= .02

= 1 X .01 - .001 + ?

1/R ill = .011,

R ill = 90.9 mm

Going in the other direction, doubling the R ill distance, 1/R out = (lambda ill/lambda exp)(1/R obj - 1/R ref) + 1/R ill

= (633 nm/633 nm) X (1/100 mm - 1/1000 mm) + 1/2000 mm

= 1 X (.01 - .001) + .0005

= .0095,

R out = 105.2631 mm, rounded to 105, for a 5% increase in image size.

The largest possible virtual image magnification would be when the R ill is brought all the way to infinity, so 1/R ill drops out, and the object distance is 1/.009, or 111.111…

An exercise for the reader would be to think of how to tweak the holographic set up (reference, object distance, and replay distance) for the maximum possible magnification, kind of like a holographic magnifying glass!

Another tricky transformation that this equation implies is the change in object size when the wavelength is changed. This was Gabor’s impetus for developing holography; to shoot the hologram with short wavelengths, like electron waves or X-rays, and then replay it in the optical domain for an extreme magnification, namely on the order of the ratio of the wavelengths. Replaying a hologram shot with 6 nm X-Rays with a 589 nm sodium vapor light (this is pre-laser era!) would yield approximately a 100X magnification!

Reading the early papers of Gabor and Rogers they did attempt to experimentally verify this by exposing holograms with the blue line of a mercury vapor lamp and replaying it with its green line! Theoretically satisfying, the big practical stumbling block was being able to supply a point source of the really short lambdas!

One of these eras I will finish this!

The usefulness of the McGrew diagrams comes about when trying to make two different colored objects in the same image planed reflection hologram, using a chemical shifting technique with the plumping agent, TriEthanolAmine (TEA). Before attempting any of this more complicated multi-color business, the holographer should make a palette using various concentrations of TEA, as outlined in here.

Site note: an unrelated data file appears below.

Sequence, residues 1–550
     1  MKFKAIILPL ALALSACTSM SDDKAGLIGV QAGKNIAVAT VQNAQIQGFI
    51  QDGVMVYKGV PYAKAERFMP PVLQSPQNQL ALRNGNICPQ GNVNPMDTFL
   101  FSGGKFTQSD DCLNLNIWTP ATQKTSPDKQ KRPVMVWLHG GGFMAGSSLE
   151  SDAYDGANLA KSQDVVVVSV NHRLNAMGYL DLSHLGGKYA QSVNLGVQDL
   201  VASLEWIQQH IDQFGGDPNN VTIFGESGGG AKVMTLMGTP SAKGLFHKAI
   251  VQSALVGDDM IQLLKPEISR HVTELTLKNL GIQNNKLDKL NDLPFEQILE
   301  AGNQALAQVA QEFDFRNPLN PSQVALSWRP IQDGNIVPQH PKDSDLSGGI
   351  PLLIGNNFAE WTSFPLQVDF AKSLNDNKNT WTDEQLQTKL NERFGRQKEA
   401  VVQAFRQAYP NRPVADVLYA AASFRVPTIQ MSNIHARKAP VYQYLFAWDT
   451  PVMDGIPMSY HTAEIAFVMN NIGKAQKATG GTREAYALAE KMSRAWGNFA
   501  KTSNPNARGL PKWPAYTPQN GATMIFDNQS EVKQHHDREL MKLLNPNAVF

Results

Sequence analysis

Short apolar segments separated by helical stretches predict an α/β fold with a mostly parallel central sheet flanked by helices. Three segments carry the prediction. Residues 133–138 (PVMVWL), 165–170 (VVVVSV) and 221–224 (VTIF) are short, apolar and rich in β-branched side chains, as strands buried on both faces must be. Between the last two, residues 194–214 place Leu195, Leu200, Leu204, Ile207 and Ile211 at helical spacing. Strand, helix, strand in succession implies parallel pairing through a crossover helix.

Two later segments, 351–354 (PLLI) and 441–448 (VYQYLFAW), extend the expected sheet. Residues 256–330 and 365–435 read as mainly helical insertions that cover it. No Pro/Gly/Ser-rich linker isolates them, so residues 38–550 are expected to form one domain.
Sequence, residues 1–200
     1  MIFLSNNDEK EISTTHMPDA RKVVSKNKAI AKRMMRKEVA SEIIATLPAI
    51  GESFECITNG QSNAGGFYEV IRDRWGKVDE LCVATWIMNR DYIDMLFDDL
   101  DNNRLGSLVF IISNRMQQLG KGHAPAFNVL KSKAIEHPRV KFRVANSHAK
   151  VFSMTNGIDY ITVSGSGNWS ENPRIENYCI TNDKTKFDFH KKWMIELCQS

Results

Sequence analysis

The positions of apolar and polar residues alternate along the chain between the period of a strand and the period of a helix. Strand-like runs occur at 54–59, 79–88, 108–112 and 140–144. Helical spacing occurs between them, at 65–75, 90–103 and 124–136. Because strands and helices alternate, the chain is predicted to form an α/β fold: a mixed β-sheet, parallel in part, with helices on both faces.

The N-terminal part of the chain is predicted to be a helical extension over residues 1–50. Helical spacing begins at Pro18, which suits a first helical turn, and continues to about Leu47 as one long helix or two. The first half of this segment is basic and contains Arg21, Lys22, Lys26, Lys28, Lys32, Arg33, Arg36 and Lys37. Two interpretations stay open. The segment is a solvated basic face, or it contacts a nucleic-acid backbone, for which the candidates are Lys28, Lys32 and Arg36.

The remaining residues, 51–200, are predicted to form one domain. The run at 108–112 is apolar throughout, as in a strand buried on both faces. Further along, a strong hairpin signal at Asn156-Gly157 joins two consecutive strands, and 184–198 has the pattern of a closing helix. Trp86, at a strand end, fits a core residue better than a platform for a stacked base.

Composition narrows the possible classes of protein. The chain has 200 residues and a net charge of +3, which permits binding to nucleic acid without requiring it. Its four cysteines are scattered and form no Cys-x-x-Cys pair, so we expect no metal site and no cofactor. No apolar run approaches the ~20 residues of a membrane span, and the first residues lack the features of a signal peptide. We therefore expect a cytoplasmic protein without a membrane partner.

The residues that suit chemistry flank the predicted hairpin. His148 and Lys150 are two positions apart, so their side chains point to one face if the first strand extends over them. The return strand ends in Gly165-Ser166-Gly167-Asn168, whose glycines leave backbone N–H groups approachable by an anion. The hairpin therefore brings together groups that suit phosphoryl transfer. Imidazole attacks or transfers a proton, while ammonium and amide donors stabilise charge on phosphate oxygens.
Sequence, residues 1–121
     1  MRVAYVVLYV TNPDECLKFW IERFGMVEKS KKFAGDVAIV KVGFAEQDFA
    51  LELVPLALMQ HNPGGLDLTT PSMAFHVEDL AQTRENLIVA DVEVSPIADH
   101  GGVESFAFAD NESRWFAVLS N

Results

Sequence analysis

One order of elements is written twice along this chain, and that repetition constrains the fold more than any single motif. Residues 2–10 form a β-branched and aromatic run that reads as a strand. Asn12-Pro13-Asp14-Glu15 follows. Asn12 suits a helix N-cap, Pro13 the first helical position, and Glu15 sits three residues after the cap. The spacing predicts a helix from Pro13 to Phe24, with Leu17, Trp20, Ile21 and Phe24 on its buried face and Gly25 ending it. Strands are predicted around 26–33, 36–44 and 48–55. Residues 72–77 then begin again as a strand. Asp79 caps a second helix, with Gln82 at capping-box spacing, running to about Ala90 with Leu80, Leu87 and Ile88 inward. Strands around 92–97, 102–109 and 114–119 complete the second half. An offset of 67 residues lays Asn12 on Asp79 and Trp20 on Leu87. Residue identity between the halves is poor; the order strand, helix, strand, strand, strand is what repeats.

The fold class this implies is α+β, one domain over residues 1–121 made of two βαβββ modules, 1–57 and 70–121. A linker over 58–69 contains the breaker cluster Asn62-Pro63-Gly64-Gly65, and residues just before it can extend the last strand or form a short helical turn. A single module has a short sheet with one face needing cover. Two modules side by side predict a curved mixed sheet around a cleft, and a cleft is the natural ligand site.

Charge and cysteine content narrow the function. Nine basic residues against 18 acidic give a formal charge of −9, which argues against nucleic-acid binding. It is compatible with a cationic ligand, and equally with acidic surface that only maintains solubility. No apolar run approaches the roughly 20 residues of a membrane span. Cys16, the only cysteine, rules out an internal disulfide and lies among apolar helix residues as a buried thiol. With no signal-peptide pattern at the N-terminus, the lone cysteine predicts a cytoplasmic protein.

If you do this, you would find that the unswelled sample, replaying in the original laser color, will reconstruct at the original reference angle. But you will also find that the shifted colors (I am assuming that the original color is in the red region, typically He-Ne 633 red, although this will work with any red. Starting in the green means you have to post-swell to get red, another, different, kind of headache!) as they go to shorter wavelength replay are not so bright at this same angle!

If you would lay your palette on the floor or table top, and position your replay light on the ceiling so that it lights up your unshrunk red most favorably, you would put the rest of them on the table above the red in ascending order of TEA concentrations, to get their brightest replay. The holograms are lit directly from page left in the photo below.

This picture is not intended to be accurate, it is only to illustrate the trend: as the TEA concentration gets higher, with shrinkage to the bluer regions, the reference angle gets smaller. (Don't forget, the reference angle is measured from the normal, not the plate surface.)

The same fringe pattern is seen by the untreated control plate and the TEA-drenched plate to be shifted. If, after processing, the TEA treated one is resoaked in the same concentration, the fringes in the two holograms would be parallel. Without the expanding additive, the emulsion collapses down to its original out of the box thickness, not only compressing the spacing between the fringes to support a shorter wavelength, but changing their tilt. This tilt is in the direction of making the angle between the reconstructing (or illuminating) beam and the reconstructed beam smaller, as in the illustration above.

McGrew’s graphical reconstruction will allow the holographer to compensate for this change in replay conditions. In a nutshell, what needs to be done is to use larger reference angles during recording for the higher concentrations of TEA so that all images will replay with the same illumination angle after the shrinkage. Both Lon Moore and John Kaufman, pioneers of this technique, give their prop’s to Professor McGrew (although that term hadn’t come into usage in that pre-rapper era) in their papers in the same ISDH volume.

The only thing that these papers don’t predict is the loss of brightness with the change of angle. The holographer needs to tweak things by trial and error to balance colors properly. But the quasi-thick/thin behavior of the typical 6-7 micron emulsion of the commercial silver halide products is quite forgiving for most applications.